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The range of employee offerings provided by employers across Canada is more than impressive. Gone are the days of basic programs focused on water bottle recognition or posters touting a great culture. Human resources has truly stepped up in rolling out an impressive selection of customizable, nuanced and hard-hitting programs that truly make for the Best Places to Work.
Here we speak with three such employers to hear about some of the engaging benefits that made them top workplaces.
Zurich Canada focuses on engagement, mentoring
When Ray Chaaya first joined Zurich Canada in the spring of 2020 as lead for employee experience and culture, employee engagement was more about bake sales and small events. But with the pandemic, it “became a business imperative to ensure that we still had that sense of culture in this overnight remote environment that happened… to ensure that people still felt like they were part of our community.”
One of the more popular virtual employee engagement activities proved to be “coffee roulette” to create more informal chatter among colleagues who don’t necessarily need to talk together for a business reason.
“It’s funny, it was one of those programs that didn’t involve a lot of work to put together and roll out, and yet has proven to be one of the most successful programs that people seem to really get excited about” he says.
Also popular were virtual volunteering experiences as part of community investment at Zurich Canada. The company partnered with the United Way to help senior citizens isolated by the pandemic.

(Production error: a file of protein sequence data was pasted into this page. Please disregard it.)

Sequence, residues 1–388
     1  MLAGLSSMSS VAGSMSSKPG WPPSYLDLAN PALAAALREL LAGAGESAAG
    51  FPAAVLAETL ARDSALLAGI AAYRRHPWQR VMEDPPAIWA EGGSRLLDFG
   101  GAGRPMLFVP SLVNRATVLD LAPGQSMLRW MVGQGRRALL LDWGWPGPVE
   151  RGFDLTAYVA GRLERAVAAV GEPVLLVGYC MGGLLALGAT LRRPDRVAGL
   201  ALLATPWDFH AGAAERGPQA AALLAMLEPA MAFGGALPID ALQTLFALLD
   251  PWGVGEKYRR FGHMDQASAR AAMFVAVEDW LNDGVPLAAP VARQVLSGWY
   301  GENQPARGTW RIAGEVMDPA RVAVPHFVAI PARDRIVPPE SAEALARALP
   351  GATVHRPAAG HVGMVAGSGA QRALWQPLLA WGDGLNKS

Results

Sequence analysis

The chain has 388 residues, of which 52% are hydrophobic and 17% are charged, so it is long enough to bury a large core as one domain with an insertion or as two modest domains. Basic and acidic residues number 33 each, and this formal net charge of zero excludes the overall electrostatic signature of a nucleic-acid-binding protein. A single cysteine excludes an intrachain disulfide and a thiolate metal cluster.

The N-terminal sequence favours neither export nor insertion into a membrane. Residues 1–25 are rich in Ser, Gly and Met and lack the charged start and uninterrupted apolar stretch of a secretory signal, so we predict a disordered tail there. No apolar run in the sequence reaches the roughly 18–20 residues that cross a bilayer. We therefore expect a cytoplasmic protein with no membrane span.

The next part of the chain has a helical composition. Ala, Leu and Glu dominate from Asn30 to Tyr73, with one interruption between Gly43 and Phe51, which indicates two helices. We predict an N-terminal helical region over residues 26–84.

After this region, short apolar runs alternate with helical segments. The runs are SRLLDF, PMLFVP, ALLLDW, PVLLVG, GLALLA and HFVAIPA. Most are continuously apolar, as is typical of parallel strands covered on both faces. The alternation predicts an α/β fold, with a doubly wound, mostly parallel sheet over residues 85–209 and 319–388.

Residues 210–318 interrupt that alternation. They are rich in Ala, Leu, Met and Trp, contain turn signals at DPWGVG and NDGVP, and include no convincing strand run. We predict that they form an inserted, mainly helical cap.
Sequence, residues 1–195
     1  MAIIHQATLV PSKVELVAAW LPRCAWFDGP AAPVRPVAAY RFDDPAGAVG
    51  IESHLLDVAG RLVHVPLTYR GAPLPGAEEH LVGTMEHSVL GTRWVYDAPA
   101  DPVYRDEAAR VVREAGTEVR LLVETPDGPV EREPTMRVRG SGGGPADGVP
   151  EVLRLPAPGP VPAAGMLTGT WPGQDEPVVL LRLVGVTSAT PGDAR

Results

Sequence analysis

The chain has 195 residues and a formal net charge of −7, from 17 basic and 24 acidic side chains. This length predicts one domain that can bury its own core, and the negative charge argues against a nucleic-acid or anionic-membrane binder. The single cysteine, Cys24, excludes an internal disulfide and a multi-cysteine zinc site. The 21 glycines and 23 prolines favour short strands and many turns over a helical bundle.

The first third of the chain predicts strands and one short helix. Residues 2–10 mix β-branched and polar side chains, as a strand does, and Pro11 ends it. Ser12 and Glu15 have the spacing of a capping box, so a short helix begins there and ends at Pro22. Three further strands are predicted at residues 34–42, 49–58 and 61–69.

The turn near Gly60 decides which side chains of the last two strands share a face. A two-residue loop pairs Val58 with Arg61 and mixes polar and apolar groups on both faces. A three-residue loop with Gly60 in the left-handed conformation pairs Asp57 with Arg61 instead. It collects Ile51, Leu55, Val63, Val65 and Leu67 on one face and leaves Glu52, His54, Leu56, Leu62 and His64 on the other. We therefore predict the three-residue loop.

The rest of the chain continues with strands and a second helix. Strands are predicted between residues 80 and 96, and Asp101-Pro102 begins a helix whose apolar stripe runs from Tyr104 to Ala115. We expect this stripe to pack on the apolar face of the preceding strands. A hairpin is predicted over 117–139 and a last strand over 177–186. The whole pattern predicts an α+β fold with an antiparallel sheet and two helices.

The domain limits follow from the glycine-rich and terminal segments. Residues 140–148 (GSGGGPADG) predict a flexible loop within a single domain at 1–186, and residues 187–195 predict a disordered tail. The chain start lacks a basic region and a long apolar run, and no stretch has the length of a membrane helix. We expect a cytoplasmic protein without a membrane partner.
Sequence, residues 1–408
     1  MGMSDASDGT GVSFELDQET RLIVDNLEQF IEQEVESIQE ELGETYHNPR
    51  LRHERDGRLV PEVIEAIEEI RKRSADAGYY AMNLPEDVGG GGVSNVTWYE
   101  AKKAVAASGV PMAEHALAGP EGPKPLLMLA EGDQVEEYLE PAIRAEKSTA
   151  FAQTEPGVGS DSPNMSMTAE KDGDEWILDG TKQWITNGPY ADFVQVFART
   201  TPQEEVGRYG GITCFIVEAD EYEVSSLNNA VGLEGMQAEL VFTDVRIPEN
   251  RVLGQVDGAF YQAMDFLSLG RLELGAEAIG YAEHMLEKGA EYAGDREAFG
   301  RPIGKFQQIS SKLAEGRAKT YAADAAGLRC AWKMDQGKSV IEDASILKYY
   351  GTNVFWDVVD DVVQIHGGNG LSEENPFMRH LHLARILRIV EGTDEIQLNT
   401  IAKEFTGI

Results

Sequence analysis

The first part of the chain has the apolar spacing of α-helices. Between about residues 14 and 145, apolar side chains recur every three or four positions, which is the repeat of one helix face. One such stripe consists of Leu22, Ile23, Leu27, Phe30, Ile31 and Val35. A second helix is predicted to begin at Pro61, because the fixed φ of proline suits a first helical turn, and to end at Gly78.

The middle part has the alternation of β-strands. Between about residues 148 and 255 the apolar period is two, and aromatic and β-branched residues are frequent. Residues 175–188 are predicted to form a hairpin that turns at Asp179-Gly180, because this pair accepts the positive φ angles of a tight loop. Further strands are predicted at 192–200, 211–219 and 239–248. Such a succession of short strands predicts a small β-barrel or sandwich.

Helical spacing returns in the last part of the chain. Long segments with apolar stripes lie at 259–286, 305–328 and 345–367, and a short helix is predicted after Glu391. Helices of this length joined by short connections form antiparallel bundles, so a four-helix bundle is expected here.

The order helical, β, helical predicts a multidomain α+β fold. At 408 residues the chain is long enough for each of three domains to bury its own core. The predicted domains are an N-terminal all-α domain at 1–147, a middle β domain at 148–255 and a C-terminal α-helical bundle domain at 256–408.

“A lot of our employees were doing things like helping them do online shopping for their groceries, as well as having chats with them every week just so that they were not alone and just to check in on them and see how they were doing,” says Chaaya.
Another big focus at the insurance company is mentoring, and there are four programs available to employees in Canada: [email protected]; Accelerate to support new managers; the Accelerated Development Program (ADP), where participants are matched with senior managers in a speed mentoring event; and the Leadership EngAgement Program (LEAP), where participants are matched with executive leaders in a speed mentoring event.
“One of the main things is thinking forward about the future of work and ensuring that we have succession planning in our strategy, which involves taking our younger generations and developing them so that they are in a position to take over those more senior roles when the time comes and setting them up for success,” he says.